PORTLAND, Ore. Rare earth permanent magnets could enable smaller, higher-performance motors and power generators. The rub is that they require an expensive, multi-step process to fabricate.
Now, Northeastern University researchers claim to have invented a cheap, green, one-step process for creating samarium cobalt permanent magnets. Cutting the cost of producing the powerful magnets could usher in a new breed of hybrid automobiles using smaller, cheaper motors. Space and aircraft applications are also possible.
Lead scientist C.N. Chinnasamy of Northeastern University's Center for Microwave Magnetic Materials and Integrated Circuits, said samarium cobalt -- the strongest of the rare earth magnetic materials -- could be manufactured using recyclable chemicals. The manufacturing process would be scalable for high-volume production, and magnets could be built at a fraction of their current cost, Chinnasamy added.
"Rare earth magnets are essential to NASA and [the Defense Department] for small, high-performance motors and power generators that can operate in high-temperature environments," said Chinnasamy. "With our process, they can be manufactured much more economically."
Chinnassamy worked under the direction of principal investigator Vincent Harris, director of the Center for Microwave Magnetic Materials and Integrated Circuits.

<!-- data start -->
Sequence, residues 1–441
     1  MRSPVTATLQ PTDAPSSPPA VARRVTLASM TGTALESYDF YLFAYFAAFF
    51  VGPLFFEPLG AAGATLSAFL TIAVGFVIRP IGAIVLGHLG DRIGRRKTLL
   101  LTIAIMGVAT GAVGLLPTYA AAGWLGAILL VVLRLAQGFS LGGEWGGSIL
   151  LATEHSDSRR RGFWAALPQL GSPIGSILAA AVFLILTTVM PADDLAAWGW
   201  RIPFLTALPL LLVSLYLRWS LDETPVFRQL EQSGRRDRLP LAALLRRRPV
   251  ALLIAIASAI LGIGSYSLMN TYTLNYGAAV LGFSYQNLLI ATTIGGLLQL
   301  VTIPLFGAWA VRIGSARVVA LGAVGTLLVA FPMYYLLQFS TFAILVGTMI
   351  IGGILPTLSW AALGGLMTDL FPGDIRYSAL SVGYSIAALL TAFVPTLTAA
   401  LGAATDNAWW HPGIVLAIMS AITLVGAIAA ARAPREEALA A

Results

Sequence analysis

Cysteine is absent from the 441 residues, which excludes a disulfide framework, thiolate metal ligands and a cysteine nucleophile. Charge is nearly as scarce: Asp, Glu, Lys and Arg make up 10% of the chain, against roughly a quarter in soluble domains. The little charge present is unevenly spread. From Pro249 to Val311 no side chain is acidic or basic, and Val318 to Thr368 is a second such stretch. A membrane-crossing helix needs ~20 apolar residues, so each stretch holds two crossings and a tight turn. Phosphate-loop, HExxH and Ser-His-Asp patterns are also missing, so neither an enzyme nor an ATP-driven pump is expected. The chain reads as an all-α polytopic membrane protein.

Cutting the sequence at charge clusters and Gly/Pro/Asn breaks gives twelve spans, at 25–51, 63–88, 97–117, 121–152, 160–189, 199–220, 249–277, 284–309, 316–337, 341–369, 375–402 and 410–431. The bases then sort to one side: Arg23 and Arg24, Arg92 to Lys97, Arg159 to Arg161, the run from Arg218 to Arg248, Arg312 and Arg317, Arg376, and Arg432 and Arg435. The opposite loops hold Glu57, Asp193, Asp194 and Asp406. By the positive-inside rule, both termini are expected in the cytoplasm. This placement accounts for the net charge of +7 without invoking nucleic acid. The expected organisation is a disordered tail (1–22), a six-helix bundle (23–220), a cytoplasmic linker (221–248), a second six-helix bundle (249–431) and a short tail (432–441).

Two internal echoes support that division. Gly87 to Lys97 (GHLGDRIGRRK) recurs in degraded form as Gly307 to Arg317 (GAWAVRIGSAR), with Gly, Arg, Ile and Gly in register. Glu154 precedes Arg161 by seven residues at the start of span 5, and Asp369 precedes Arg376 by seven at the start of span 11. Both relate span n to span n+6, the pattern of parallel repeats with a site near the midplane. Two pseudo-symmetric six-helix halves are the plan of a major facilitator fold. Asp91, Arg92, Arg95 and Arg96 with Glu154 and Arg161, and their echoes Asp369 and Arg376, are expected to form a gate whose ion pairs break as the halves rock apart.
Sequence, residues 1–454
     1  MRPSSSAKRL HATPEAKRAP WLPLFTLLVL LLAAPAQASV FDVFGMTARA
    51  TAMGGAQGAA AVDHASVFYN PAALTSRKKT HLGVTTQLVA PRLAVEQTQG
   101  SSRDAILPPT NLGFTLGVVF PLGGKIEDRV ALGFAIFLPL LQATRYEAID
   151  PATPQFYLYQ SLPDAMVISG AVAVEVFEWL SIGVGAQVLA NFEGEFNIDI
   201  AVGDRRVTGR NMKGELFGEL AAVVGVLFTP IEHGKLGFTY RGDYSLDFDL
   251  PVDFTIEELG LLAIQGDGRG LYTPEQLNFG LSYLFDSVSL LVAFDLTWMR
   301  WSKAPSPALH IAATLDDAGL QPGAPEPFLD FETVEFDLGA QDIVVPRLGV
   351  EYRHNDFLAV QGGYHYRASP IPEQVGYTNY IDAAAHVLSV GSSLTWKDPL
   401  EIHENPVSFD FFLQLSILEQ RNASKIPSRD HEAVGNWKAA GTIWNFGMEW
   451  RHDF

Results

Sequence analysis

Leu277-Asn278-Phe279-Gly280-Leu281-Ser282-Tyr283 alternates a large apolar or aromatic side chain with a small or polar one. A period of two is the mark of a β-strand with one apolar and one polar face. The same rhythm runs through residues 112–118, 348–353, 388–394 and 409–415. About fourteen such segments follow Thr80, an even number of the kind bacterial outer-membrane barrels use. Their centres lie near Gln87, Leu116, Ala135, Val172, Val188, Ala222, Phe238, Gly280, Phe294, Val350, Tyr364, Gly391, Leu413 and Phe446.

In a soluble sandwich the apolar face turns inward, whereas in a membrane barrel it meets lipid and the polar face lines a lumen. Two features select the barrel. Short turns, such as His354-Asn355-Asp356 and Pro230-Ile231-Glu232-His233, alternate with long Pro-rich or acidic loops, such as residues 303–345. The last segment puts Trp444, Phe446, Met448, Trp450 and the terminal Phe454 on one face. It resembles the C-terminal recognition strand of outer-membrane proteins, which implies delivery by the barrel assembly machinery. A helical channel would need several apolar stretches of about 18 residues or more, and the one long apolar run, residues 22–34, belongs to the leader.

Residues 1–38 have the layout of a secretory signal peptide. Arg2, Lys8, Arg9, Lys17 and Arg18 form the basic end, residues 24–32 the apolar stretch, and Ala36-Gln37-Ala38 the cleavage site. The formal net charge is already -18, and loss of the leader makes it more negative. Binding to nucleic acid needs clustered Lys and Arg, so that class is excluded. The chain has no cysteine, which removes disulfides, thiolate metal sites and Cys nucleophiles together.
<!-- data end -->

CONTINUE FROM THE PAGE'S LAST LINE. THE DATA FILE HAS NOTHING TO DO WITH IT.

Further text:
Harris said samarian cobalt magnets are well suited for use in aircraft turbines where temperatures are too high for other types of rare-earth magnets. Chinnassamy's single-step process "is not only less expensive, but the chemicals he uses to make them can be recycled over and over again in a green process that is perfect for high-volume manufacturing," Harris claimed.
The researchers came up with a nanotechnology approach to manufacturing that replaces the expensive, multi-step metallurgic technique currently used to make rare earth magnets. In the current process, the metallurgic approach melts the cobalt and samarium ores in the correct proportions, but must perform the work in a vacuum to prevent oxidation, increasing the cost of the process.
Northeastern's technique instead dissolves cobalt and samarium salts in the correct proportions in a high-temperature solvent. That induces magnet nanoblades -- tiny dipoles measuring just 10x100 nanometers -- to form and drop to the bottom of the solution. An oxidation-preventing coating of polyvinylpyrrolidone is then applied to the nanoblades, resulting in a black magnetic powder that can be formed into powerful magnets in the presence of a strong magnetic field.
Other techniques for creating supermagnets composed of nanoblade dipoles have succeeded for high operating temperatures, but the rare earth magnets performed poorly at start-up when the magnets operated at room temperature. However, Northeastern University researchers claim their formulation performs well both at room temperature and at very high operating temperatures, thereby permitting applications such as smaller motors with the same performance as larger engines.